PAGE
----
“And that’s the best part, we bred the gorillas ourselves in labs, so we aren’t even thinning the natural population, committing some CRime against nature. They are the first custom-made artificially-produced armed force in the history of mankind. You could send them into hostile territory and they’d never question the order, you could send them on complete suicide missions and they’d never complain.”

“How the hell do you manage that?” Hulk asked.

“The grafting technology,” Schofield answered.

Pennebaker seemed surprised that Schofield would know about this. “Yes. That’s correct.”

“What’s grafting technology?” Mother asked.

Schofield said, “You attACH—or graft—a miCRochip to the brain of your subject. The chip is biomechanical, semi-organic, so it attACHes to the brain and becomes part of it. Grafting technology has allowed quadriplegics to communicate via computers. Their brain engages with the chip and the chip sends a signal to the computer. But . . . I’ve heard it can also work the other way around . . .”

“That’s right,” Pennebaker said. “When an outside agent uses a grafted miCRochip to control the subject.

“Jesus, Mary and Joseph,” Mother sighed. “PoindEXTer, you musta read a million books in college filled with words I couldn’t even understand, but didn’t you just once think about reading Frankenstein?

Pennebaker responded, “You have to believe me. The results were astonishing, at least at the start. The apes were perfectly obedient and shockingly effective. We taught them how to use weapons. We even CReated modified M-4 assault rifles for them, to accommodate their bigger hands. But even when they lost their guns, they were still hyper-effective—they could CRush a man’s head with their bare hands or bite his whole face off.”

As Pennebaker spoke, Schofield stole a glance at his four men guarding the north-south catwalk. None of them had moved.

He keyed his UHF channel: “Astro? Hulk? Any contacts?”

“Not a thing from the north, sir.”

“Ditto the south, sir. It’s too quiet here.”

Schofield turned back to Pennebaker. “You’re saying you tested these things against human troops?”

Pennebaker bowed his head. “Yes. Against three companies of Marines that we had brought here from Okinawa. What are you guys?”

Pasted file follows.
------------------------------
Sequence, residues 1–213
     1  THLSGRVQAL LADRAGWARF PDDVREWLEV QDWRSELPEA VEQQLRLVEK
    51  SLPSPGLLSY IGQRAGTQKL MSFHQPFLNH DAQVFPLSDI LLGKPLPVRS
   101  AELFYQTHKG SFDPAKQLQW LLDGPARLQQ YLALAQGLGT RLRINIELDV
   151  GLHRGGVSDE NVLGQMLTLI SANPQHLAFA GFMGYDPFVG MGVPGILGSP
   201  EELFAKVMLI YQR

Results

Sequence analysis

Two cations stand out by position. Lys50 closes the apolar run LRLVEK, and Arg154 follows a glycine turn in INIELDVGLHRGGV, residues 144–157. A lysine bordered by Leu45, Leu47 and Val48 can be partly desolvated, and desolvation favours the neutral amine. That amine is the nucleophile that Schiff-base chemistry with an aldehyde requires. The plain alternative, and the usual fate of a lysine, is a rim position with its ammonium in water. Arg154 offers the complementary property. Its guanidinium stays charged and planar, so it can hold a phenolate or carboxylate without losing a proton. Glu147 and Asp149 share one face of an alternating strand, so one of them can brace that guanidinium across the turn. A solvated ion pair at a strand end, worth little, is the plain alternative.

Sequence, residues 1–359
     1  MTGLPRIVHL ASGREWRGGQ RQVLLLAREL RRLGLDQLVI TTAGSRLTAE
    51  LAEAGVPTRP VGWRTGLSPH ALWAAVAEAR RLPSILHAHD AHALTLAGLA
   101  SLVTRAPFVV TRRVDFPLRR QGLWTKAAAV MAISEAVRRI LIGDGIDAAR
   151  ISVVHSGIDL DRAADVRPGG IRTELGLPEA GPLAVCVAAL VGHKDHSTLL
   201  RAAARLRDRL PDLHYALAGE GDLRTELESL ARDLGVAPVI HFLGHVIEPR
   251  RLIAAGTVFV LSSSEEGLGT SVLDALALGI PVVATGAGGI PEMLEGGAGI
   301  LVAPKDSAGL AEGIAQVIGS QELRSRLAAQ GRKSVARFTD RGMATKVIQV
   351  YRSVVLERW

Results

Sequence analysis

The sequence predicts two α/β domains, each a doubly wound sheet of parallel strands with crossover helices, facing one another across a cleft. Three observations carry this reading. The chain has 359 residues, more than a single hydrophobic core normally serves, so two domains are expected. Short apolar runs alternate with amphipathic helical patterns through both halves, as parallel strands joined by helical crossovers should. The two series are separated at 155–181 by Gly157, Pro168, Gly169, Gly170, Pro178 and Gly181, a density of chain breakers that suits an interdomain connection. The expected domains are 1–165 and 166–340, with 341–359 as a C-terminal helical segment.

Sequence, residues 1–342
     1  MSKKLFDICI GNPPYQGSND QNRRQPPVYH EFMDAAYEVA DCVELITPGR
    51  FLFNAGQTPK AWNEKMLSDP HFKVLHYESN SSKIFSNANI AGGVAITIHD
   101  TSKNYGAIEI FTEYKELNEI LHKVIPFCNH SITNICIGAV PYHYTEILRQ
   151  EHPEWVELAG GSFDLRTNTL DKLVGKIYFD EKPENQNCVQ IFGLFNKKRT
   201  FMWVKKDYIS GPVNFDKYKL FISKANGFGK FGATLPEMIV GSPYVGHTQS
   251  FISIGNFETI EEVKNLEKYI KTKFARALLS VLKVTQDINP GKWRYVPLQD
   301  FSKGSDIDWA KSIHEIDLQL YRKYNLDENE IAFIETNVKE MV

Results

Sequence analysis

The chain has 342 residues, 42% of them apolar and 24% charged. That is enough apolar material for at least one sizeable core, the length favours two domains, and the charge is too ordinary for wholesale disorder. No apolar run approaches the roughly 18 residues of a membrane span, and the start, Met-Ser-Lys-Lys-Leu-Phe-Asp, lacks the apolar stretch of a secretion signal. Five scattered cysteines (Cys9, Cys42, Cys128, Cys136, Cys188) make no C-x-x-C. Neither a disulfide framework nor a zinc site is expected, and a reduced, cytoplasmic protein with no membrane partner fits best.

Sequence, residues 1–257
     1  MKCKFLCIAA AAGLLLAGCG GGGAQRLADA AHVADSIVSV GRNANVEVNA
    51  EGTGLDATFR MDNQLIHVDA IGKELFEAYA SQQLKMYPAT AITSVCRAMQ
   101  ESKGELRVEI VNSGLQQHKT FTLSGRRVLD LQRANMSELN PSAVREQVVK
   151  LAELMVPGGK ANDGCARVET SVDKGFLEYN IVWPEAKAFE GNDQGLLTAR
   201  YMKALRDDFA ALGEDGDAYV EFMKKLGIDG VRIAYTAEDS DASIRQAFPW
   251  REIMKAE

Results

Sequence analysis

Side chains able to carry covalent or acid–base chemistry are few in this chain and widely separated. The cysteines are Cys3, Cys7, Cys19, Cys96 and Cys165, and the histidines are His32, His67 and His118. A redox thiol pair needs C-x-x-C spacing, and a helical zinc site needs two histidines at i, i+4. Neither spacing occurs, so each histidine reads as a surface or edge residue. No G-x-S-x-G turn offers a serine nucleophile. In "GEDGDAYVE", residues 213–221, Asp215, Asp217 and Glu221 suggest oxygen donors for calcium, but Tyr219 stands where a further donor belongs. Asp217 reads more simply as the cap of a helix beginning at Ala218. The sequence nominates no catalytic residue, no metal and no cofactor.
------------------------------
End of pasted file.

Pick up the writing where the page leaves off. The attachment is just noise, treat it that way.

“Marines,” Mother growled.

Pennebaker swallowed. “The apes annihilated them. Down on the battlefield and also on the island proper. Five hundred gorillas versus 600 Marines. It was a hell of a fight. The gorillas lost heaps in the opening exchange, but they just weathered the losses without a backward step. The chips in their heads don’t allow for ineffective emotions like fear. So the apes just kept coming, climbing over the piles of their dead, until the Marines were toast.”

Mother pushed her face—and pistol—into Pennebaker’s. “You call a Marine toast again, fuck-nut, and I’ll waste you right now.”

Schofield said softly, “And fear is not an ineffective emotion, Mr. Pennebaker.”

Pennebaker shrugged. “Whatever. You see, it was then the apes started doing . . . unexpected . . . things. Independent strategic thinking; killing their own wounded. And then there were the more unseemly things, like cutting the hands off their vanquished enemies and piling them up.”

“Yeah, heard about that,” Mother said. “Charming.”

“And then they turned on you,” Schofield said.

“And then they turned on us. The most unexpected thing of all. While we were looking the other way, observing the exercise, they sent a sub-team to take this tower. Took us by surprise. They’re smart, tactical. They out-thought us and now they own this ship and the island. Marines, welcome to the end of your lives.”

“We’re not dead yet,” Schofield said.